Baseball is not cool.
How do I know this?
Comedian Chris Rock says so in a seven-minute rant on this month’s edition of HBO’s Real Sports – maybe the best sports show on television.
And why is baseball not cool? According to Rock, it’s too white.
Rock says that, as a black baseball fan, he is an endangered species. He talks about loving the Mets when he was a kid, but, “When I ask another black guy if he saw the Mets game last night, the answer I gets is, ‘What’s a Met?’”
He has stats to back up his contention that baseball is dying. Little League participation is down 20 percent since 1995 and TV ratings for the World Series are down 50 percent and five out of six people who watch baseball are white and the average age is 53.
(In America, 6.3 people out of 10 are white.)
Rock laments the fact that only 8 percent of Major League Baseball players are African-American and the team that won the World Series last year — the San Francisco Giants — had none.
“It’s the game. It’s old-fashioned and stuck in the past. You got white-haired white guy announcers. Baseball likes to look back.”
He says the antique stadiums that popped up around the country don’t exactly remind black people of the good ol’ days.
So what’s Rock’s solution?
“Baseball needs us. Fact is black America decides what is hot and what young people get excited about.”
Rock doesn’t like baseball’s boring code of no undue celebrating. He uses video to show that bat flipping after a home run is an “art form” in Korean baseball and says that in American baseball, “Don’t look too happy about it.”
He compares baseball’s unwillingness to celebrate to the NFL and shows a few players making idiots of themselves after touchdowns. All of the dancing football players are black, of course.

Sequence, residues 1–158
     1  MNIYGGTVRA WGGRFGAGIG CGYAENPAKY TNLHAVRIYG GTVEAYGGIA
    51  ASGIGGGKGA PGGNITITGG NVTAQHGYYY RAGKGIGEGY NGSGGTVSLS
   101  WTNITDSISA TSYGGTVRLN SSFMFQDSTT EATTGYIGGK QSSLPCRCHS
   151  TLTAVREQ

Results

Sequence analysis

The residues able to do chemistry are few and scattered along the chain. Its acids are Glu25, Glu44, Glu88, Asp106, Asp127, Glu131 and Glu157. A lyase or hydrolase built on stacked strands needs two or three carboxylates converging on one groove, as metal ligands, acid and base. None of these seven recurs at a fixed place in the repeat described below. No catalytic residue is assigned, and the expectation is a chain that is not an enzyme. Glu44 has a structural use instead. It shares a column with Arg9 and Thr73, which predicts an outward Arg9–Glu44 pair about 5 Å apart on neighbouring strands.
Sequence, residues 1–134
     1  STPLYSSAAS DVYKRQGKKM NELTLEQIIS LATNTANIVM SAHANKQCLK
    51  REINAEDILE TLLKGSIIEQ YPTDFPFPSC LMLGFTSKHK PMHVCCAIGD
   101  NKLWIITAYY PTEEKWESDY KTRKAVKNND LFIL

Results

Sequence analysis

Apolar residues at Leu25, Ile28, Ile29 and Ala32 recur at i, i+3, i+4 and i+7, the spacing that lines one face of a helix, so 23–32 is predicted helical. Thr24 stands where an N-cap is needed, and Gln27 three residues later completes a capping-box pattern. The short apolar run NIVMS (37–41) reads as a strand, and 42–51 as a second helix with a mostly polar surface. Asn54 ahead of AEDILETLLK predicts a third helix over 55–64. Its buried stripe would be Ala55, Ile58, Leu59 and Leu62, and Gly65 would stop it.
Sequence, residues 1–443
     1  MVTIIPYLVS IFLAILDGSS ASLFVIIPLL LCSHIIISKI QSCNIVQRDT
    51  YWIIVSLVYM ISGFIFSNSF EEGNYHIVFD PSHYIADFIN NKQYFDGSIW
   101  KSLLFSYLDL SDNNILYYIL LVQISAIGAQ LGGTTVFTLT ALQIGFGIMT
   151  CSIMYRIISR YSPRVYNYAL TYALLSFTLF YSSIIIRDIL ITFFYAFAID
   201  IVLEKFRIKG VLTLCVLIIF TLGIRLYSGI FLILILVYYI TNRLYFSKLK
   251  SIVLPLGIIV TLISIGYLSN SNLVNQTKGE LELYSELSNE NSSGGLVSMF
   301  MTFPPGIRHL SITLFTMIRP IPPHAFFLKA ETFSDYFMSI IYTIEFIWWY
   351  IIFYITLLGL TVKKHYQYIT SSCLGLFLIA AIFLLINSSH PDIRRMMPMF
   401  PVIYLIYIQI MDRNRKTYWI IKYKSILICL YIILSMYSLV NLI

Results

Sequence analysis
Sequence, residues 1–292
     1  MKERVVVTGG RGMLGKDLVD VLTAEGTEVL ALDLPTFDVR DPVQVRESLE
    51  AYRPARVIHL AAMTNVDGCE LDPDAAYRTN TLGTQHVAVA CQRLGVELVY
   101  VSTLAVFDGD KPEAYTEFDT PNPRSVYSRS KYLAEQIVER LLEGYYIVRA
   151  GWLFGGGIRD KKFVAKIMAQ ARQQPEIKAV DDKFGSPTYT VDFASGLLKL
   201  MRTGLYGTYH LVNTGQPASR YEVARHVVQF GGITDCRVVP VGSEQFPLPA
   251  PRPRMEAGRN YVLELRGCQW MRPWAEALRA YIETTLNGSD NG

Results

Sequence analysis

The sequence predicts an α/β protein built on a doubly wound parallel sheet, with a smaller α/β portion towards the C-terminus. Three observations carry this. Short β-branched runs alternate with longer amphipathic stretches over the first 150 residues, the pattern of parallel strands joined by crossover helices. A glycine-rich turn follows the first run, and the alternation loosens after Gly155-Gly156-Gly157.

Maybe the code is a white thing more than it’s a baseball thing.
Choreographed celebrations in hockey tend to be frowned upon, too.
There aren’t a lot of white NFL players who play the fool for entertainment purposes.
Or as Jim Brown, possibly the NFL’s greatest player ever and a founding father of the black pride movement in the ’60s, says, “That’s embarrassing to me. To think in this day and age, these young men would be out there shaking their butts and not knowing much of anything else. Not knowing the dignity of a man and how to play a game and play it hard and let that speak for yourself.”
Chris Rock thinks baseball needs to stop being so white in order to save itself from extinction.
Imagine the response if a white man, comedian or otherwise, said he was losing interest in the NFL because it’s not white enough. Sixty-eight percent of the players in the NFL are black.
Rock probably doesn’t know it but he’s promoting one of the most insidious causes of racial discrimination – the soft bigotry of low expectations.
White players are expected to act like they’ve been in the end zone before, but black players are expected to show, as Brown says, “The buffoonery. The things we fought to get away: the stereotypical gestures. The rolling of the eyes, the dancing, and all the Walt Disney stereotypical disgraces,” when they get there.
Remember when Seattle Seahawks quarterback Russell Wilson, who is biracial, was reported to be considered “not black enough” by his teammates?
There may not be a more respectful, humble, intelligent superstar athlete in America than Wilson, who, by the way, has the NFL’s number one selling jersey.
Chris Rock apparently agrees with Wilson’s teammates and believes he’s better suited for baseball.
Wilson played in the minor leagues while he was in college.
On ESPN radio Wednesday, Wilson said, “There’s a great correlation between baseball and football, especially in terms of playing quarterback. The mental focus you have to have with one play at a time and being in the moment. It really prepares you mentally.”
Chris Rock might need to adjust his focus.
Pittsburgh ex-TV sportscaster, columnist and talk show host John Steigerwald is the author of the Pittsburgh sports memoir, “Just Watch The Game.” Follow him on Twitter and listen to his podcast at pittsburghpodcastnetwork.com